There’s music in the gushing of a rill;
There’s music in all things, if men had ears;
Their earth is but an echo of the spheres.
~Lord Byron


The wings of spring have taken flight in the feisty winds of March. In so doing they have lifted Columbine’s curving, knob-tipped spurs on fanciful flights. Spilling down from deep in the throats of the yellow, flowering “bells” are stunning filaments and anthers which are like tiny, musical tongues issuing forth sweet, golden proclamations. Winter, as inanimate as it seems, has a lyrical sound, but the sounds of spring as the earth reanimates itself are far richer and more honeyed. They along with the other silvery sounds of spring are soft-hearted and serene in the beginning; however, as spring grows long in the tooth and summer approaches, the arias reach almost deafening crescendos. Then after the solstice passes, summer moves along to a steady, hot latino beat until autumn comes again and tones down earth’s rhythms with ripe, mellower tones. We, mortals, may never understand the what and where of earth’s magic and music, but that certainly can’t stop us from enjoying it nor from adoring the mysteries of the music’s Maker.  Lest one believe that it is only poets, writers, and musicians who hear the music of the natural world, let me say that it was Giuseppe Mazzini, an influential Italian political thinker, who said, “Music is the harmonious voice of Creation, and echo of the invisible world.”  I believe the love of music comes from the Lord because He gave birds their songs, and also those who love and compose music are created in God’s image.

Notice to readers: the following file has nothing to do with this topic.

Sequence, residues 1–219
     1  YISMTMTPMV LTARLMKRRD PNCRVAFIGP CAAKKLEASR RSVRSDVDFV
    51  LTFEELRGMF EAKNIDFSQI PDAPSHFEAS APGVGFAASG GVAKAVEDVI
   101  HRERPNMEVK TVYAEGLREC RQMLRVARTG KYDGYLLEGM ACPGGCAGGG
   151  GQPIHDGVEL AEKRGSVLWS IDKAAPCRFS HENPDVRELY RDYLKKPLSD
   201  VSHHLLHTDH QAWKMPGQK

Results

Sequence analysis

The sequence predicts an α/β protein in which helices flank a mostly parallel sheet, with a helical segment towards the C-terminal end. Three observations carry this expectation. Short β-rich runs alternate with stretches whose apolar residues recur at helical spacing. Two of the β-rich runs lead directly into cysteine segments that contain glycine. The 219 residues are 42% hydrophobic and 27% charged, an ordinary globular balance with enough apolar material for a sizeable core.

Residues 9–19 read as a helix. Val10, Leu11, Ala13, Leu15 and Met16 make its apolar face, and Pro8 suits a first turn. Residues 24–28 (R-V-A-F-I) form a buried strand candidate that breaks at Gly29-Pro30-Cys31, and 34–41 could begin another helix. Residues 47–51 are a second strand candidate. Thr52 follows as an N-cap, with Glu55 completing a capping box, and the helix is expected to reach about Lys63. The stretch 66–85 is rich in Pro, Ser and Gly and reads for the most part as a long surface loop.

Music expresses that which cannot be put into words and that which cannot remain silent. ~Victor Hugo

Praise the Lord with the harp; make music to Him on the ten-stringed lyre. Psalm 33:2 ✝

Thank you, Lord Jesus, that you save, you heal, you restore, and you reveal Your Father’s heart to us!

174. The greatness of a nation and its moral progress can be judged by the way its animals are treated. ~Mahatma Ghandi

If all the beasts were gone,
men would die from a great loneliness of spirit,
for whatever happens to the beasts
also happens to the man.
All things are connected.
Whatever befalls the Earth befalls the sons of Earth.
~Chief Seattle of the Suquamish Tribe